Child Sexual Abuse in the Digital Era: Rethinking Legal Frameworks and Transnational Law Enforcement Collaboration
On 11 June 2020, Sabine Witting defended her thesis 'Child Sexual Abuse in the Digital Era: Rethinking Legal Frameworks and Transnational Law Enforcement Collaboration'. The doctoral research was supervised by Prof. J.J. Sloth-Nielsen and Prof. S. van der Hof.
- Sabine Witting
- 11 June 2020
- Leiden Repository
With access to and usage of it increasing dramatically over the past 20 years, the Internet has become an emerging realm for human interaction. With children constituting one-third of Internet users worldwide, this realm offers endless opportunities to learn, connect, and interact. At the same time, the Internet facilitates child sexual abuse on a large scale – through the production, dissemination, and accessing of child sexual abuse material.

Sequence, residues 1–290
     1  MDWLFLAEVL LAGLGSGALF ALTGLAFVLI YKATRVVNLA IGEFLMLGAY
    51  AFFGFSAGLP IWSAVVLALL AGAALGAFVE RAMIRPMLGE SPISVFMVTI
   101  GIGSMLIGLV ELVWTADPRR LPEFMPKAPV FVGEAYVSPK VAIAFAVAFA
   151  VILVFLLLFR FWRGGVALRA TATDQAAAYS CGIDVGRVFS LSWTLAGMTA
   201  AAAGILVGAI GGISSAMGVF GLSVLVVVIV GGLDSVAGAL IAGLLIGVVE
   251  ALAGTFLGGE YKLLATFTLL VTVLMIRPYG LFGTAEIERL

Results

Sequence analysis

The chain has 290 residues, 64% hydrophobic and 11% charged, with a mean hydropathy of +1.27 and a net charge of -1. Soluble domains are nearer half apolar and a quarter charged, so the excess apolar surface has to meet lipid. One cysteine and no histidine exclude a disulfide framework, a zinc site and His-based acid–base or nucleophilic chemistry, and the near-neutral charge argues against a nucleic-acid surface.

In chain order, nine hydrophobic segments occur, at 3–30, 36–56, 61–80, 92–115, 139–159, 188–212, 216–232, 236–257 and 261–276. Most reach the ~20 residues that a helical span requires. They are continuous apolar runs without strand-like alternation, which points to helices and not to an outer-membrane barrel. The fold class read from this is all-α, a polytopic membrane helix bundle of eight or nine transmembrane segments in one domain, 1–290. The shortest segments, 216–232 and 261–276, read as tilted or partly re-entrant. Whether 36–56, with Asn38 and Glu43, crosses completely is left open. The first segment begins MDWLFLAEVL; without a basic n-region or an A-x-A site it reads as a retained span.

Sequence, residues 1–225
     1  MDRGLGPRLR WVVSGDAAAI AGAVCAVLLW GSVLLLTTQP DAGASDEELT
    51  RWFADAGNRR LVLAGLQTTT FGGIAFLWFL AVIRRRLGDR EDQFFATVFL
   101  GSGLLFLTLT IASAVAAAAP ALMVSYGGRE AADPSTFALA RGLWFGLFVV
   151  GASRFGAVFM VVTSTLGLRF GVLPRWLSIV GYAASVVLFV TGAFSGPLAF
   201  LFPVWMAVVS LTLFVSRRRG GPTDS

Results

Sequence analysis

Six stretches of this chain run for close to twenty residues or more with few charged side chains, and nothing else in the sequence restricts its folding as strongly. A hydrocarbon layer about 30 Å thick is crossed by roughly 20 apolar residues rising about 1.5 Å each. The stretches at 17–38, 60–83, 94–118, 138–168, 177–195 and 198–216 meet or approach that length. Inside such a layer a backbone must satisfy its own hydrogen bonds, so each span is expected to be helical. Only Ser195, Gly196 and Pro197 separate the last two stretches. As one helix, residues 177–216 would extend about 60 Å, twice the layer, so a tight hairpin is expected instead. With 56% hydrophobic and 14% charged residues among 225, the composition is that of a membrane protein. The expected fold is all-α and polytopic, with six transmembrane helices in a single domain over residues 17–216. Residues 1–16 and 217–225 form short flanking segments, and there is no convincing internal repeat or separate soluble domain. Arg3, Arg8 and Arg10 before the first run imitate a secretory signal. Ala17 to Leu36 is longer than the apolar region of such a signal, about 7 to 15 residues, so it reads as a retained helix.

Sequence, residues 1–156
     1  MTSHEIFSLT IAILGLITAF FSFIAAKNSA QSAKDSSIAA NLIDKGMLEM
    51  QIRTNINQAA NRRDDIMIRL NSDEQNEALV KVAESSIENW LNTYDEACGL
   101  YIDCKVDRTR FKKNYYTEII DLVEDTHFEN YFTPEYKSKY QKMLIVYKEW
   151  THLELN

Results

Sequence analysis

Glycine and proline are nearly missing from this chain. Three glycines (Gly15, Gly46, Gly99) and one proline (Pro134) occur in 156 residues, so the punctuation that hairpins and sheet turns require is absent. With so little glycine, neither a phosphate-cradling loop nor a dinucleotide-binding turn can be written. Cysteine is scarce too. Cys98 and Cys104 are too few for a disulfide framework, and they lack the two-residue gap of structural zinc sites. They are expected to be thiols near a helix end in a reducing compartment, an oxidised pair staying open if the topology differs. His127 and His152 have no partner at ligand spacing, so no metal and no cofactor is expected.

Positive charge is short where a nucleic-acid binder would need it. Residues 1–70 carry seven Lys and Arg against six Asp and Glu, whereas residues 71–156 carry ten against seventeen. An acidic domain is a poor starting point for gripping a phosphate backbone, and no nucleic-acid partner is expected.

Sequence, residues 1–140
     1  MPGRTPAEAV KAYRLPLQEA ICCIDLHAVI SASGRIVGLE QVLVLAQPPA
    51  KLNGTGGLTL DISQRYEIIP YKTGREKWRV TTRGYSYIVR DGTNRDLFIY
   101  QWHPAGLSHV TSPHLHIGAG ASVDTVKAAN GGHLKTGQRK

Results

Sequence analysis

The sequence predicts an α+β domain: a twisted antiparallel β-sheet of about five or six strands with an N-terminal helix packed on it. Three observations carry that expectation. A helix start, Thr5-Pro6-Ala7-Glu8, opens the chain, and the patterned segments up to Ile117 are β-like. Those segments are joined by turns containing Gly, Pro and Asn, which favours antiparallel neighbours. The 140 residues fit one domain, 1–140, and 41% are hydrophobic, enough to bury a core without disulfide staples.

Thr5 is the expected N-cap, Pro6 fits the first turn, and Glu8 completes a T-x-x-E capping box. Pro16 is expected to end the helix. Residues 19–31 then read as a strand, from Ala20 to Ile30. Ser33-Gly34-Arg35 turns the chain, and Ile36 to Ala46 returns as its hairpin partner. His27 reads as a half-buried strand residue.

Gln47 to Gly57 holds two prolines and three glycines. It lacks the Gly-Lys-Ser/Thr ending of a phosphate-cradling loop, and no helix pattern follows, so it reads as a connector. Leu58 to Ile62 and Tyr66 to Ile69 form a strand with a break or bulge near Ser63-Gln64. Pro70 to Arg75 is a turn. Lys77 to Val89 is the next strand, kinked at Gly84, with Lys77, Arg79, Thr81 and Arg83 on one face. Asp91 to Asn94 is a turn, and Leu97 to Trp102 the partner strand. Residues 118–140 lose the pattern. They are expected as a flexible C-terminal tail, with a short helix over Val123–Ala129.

This study aims to critically analyse emerging aspects of the international and national regulation, investigation and prosecution of online child sexual abuse material from a child-rights and rule-of-law-based approach. It investigates emerging aspects of substantive and procedural law which have been little explored in the past, zooming in on complex constitutional aspects by applying a comparative legal analysis approach with a strong focus on the Global South as well as interdisciplinary legal research.In order to solve these complex legal issues, the answer lies in the identification and subsequent navigation of a variety of dichotomies that govern the discourse on online child sexual abuse material.
The international and national regulation, investigation and prosecution of emerging aspects of online child sexual abuse material hence require constant identification, reflection and calibration of competing discourses, with a view to developing a cyber-specific yet victim-sensitive response that upholds the rule of law and takes a child-centred approach.